Cliven Bundy Ranch Dispute: Huge Difference Between Coverage by Conservative and Liberal Media


The Cliven Bundy ranch dispute has gained a lot of attention but is getting hugely different coverage from conservative and liberal media outlets.

Bundy is involved in a dispute with federal authorities over cattle grazing northeast of Las Vegas in Nevada.

He says that he has the right to graze his cattle on open range, which currently includes a portion of desert that houses the endangered desert tortoise. His right comes from his Mormon family settling and ranching in the area since the 19th century, he says.

Federal authorities say that cows are trespassing on the arid and fragile habitat and note that Bundy lost federal court cases challenging the roundup and that he was ordered by a federal judge last October not to interfere in any roundup.

Bundy, who represented himself in the court cases, has vowed to do whatever it takes to protect his property. He has characterized the dispute as a “range war.”

Conservative outlets such as Fox News, the Blaze, and InfoWars are highlighting Bundy’s argument and claiming that the government is overreaching with armed federal agents and use of force in the case.

“Nevada Rancher Threatens ‘Range War’ Against Government,” reads one Fox headline. “Cliven Bundy Calls on Sheriff to Start Arresting BLM Feds” reads another article, from InfoWars.

Liberal outlets, meanwhile, are painting Bundy as a lawbreaker who deserves what he’s getting and playing down any use of force.

“The federal government moved some cows and Nevada’s governor isn’t happy about it,” read one headline from the Washington Post. “Cliven Bundy: right-wing extremist domestic terrorist lawbreaker,” reads another article, from Daily Kos.

See an update from The Associated Press that seems to illustrate both sides below.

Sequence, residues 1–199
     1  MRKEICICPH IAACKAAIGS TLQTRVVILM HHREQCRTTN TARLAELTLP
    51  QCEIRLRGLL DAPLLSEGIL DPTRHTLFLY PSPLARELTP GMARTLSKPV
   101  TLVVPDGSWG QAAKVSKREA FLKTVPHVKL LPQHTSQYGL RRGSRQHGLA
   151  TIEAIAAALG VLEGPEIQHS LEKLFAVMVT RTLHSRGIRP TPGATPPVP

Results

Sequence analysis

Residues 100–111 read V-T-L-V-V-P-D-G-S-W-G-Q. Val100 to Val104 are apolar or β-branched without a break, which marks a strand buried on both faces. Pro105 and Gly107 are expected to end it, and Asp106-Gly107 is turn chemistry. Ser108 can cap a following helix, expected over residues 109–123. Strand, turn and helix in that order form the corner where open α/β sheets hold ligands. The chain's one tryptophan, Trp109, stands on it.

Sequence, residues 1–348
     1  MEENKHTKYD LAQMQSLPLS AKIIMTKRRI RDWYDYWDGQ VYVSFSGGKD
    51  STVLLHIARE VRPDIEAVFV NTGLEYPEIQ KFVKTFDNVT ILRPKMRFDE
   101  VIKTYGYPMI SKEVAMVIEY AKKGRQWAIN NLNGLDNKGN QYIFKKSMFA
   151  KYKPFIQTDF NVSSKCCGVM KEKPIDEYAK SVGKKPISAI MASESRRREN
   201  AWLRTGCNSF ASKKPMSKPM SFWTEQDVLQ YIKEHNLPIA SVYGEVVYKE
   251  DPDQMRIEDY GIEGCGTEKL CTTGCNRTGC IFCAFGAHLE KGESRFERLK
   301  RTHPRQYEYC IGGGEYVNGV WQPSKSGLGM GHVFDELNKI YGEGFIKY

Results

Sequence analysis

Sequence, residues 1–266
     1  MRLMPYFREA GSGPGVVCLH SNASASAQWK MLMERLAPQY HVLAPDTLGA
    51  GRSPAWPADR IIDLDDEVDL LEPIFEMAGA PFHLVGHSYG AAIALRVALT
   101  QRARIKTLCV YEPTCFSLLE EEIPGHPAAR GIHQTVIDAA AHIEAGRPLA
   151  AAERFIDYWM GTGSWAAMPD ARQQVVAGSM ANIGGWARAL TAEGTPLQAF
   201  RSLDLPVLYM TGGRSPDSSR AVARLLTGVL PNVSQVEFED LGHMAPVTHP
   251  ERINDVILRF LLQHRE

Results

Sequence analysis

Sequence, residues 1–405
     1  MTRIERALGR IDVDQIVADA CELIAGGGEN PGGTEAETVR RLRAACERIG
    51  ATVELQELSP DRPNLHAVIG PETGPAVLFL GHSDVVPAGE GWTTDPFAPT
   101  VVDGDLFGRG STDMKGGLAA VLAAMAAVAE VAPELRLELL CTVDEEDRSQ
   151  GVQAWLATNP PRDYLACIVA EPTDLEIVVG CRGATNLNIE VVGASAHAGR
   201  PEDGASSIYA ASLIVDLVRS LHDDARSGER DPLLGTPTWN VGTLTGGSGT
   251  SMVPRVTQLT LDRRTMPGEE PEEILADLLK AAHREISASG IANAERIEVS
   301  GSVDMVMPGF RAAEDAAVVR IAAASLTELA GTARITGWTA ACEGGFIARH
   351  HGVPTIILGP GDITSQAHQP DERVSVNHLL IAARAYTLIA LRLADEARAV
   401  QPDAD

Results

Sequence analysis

Stun gun used on rancher’s son in cattle roundup 

LAS VEGAS—Tensions have escalated between protesters and federal police who used a stun gun on a son of a Nevada rancher fighting a roundup of cattle that he claims have historical grazing rights northeast of Las Vegas.

No serious injuries were reported and no arrests were made, but family members told the Las Vegas Review-Journal that rancher Cliven Bundy’s 57-year-old sister also was knocked to the ground during a confrontation Wednesday involving dozens of protesters and several U.S. Bureau of Land Management rangers.

The son, Ammon Bundy, told the Spectrum of St. George, Utah, that he was hit with stun charges twice.

He acknowledged that he climbed on a dump truck, suspecting that it contained cattle that had been killed during the roundup.

Amy Lueders, Nevada state BLM director, would not discuss details of the incident during a conference call with reporters late Thursday, saying only that it is under investigation.

“Public safety is key to this operation,” Lueders said, who described the episode as a “very isolated incident.”

The incident on State Route 170 followed the arrest Sunday of another Bundy son, Dave Bundy. He was released Monday with a citation accusing him of refusing to disperse and resisting arrest.

A video posted to the Internet showed protesters waving signs and shouting and law enforcement officers holding yellow stun guns with barking dogs straining at leashes near trucks involved in the roundup.

The BLM and the National Park Service have shut down an area half the size of Delaware while hired cowhands using helicopters and vehicles gather about 900 cattle that officials say are trespassing.

Rancher Derrel Spencer speaks during a rally in support of Cliven Bundy near Bunkerville Nev. Monday, April 7, 2014, 2014. The Bureau of Land Management has begun to round up what they call “trespass cattle” that rancher Cliven Bundy has been grazing in the Gold Butte area 80 miles northeast of Las Vegas. (AP Photo/Las Vegas Review-Journal, John Locher)

Krissy Thornton, right, and Burgundy Hall protest with others near Bunkerville, Nev. Wednesday, April 9, 2014. The group is protesting the Bureau of Land Management’s roundup of what they call “trespass cattle” run by Cliven Bundy in the Gold Butte area 80 miles northeast of Las Vegas. (AP Photo/Las Vegas Review-Journal, John Locher)